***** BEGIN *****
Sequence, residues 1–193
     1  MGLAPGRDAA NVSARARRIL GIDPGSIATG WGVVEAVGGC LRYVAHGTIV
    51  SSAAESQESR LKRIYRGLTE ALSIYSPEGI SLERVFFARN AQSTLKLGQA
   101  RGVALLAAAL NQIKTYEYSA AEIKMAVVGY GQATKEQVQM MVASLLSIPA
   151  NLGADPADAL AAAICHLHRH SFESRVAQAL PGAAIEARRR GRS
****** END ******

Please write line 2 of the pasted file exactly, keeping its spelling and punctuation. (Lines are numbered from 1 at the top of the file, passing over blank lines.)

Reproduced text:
     1  MGLAPGRDAA NVSARARRIL GIDPGSIATG WGVVEAVGGC LRYVAHGTIV